Flame Rectification

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CEO1
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Flame Rectification

Postby CEO1 » Sun Dec 25, 2016 10:50 pm

We're all familiar with the "application" of the flame rectification principle...and I've read many articles about it over the years, yet didn't fully understand the "why or how" behind it. I just thought it was one of Mother Nature's unexplainable phenomenons.

Rectification is actually a modified application of flame "conductivity", which results from the flame creating ionized particles with positive and negative charges. And it's those "ions" that are attracted to electrodes with opposite polarity. All these years, I was under the impression a flame would conduct a DC current as a result of an applied, DC voltage. Changing the geometry of the electrodes, is what generates the DC circuit. I knew about the geometry thing, but still didn't put it together with the conductivity thing.

How about that...
:)

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AC480
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Re: Flame Rectification

Postby AC480 » Mon Dec 26, 2016 8:13 pm

I knew that a flame would conduct electricity, but didn't or don't remember exactly why. It's interesting how the method of electronic flame rectification changed and why. I liked the old thermocouples. Very simple. A rod with 2 dissimilar wires wrapped around each other the generated a small electric current.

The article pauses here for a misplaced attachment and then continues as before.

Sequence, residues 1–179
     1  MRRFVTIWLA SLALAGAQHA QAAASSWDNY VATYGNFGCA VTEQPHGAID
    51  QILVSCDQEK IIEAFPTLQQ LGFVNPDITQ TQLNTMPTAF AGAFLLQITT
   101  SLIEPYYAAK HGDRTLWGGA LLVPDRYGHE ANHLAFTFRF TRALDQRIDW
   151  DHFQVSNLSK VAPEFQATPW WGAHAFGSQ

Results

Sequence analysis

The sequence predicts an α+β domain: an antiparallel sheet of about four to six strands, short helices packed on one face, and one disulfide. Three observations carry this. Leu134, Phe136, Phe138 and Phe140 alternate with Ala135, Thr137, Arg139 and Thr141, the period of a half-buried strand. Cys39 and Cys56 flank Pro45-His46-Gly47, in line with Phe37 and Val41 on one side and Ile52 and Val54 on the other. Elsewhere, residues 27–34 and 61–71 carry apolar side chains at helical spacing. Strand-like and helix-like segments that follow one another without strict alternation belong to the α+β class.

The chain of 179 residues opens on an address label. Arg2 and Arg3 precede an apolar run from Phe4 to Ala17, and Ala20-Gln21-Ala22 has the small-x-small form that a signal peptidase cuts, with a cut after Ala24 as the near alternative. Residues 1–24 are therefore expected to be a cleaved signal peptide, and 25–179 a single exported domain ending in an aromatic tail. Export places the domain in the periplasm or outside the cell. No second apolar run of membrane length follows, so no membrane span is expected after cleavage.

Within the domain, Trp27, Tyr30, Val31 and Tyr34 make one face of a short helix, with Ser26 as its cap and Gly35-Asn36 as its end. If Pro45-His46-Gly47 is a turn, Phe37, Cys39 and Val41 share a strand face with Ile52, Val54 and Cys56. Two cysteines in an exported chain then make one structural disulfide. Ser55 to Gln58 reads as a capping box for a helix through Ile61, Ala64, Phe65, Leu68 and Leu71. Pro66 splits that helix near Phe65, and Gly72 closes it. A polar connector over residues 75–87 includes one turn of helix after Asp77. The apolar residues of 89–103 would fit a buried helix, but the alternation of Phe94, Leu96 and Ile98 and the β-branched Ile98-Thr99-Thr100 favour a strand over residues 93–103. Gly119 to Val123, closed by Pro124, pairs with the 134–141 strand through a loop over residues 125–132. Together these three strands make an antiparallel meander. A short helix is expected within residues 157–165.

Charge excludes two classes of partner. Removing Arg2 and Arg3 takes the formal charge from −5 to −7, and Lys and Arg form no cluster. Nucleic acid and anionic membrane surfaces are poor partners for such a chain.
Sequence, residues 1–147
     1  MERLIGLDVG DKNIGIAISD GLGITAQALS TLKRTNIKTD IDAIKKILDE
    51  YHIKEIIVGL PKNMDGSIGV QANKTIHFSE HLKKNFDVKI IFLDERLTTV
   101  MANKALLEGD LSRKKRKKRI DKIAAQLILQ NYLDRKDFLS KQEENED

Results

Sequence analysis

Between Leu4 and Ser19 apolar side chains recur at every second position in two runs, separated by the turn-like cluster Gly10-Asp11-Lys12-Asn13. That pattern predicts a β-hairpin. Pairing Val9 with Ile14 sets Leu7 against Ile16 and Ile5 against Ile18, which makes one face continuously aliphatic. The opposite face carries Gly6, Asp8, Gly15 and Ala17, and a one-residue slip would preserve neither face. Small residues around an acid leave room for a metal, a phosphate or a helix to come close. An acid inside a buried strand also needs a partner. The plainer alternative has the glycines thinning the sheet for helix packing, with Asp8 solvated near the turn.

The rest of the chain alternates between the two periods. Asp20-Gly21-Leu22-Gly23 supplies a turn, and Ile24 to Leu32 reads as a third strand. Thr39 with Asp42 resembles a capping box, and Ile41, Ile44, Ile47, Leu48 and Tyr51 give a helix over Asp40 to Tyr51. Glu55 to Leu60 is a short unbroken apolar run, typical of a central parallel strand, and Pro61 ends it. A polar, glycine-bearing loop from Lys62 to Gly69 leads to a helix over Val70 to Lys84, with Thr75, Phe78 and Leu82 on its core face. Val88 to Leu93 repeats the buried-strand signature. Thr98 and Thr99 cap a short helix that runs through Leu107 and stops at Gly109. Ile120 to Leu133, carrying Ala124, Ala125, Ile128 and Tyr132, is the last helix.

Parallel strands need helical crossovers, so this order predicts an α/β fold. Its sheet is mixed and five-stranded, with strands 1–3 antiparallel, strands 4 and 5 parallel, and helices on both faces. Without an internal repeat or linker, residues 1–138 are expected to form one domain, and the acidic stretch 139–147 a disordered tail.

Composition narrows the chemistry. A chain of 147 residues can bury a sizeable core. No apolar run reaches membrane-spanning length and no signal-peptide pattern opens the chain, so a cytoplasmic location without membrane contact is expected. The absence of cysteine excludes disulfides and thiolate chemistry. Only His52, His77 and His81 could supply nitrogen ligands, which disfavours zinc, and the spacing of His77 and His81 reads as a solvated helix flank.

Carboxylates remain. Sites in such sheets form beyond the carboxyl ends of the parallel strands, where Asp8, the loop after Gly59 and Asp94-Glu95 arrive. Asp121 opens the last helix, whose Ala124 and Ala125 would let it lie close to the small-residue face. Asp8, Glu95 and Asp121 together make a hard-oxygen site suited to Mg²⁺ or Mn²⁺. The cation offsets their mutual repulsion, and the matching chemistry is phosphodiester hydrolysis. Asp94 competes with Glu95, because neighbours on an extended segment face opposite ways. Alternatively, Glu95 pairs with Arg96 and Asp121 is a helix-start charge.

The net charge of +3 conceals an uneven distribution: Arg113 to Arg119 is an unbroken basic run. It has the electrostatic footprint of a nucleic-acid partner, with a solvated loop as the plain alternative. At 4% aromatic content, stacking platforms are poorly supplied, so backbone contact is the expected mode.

"We do these things not because they are easy, but because they are hard"
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CEO1
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Re: Flame Rectification

Postby CEO1 » Tue Dec 27, 2016 8:31 am

AC480 wrote:I knew that a flame would conduct electricity, but didn't or don't remember exactly why. It's interesting how the method of electronic flame rectification changed and why.


Well, if Google, with its present day effectiveness, had been available 30 years ago, I'd have learned a lot more, a lot sooner... :mrgreen: I dealt with furnaces years before reading just the part about the flame rod having an AC voltage applied to it.

The only reason leading me to this newer information was reading a misinformed comment suggesting the temperature of the flame rod had something to do with the current flow...I think the commenter was confusing flame conductivity with the thermocouple principle.


I liked the old thermocouples. Very simple. A rod with 2 dissimilar wires wrapped around each other the generated a small electric current.


I still deal with some older standing pilot furnaces and thermocouples...they are simple as well as reliable. And it doesn't matter if they get "dirty", like flame rods. :)
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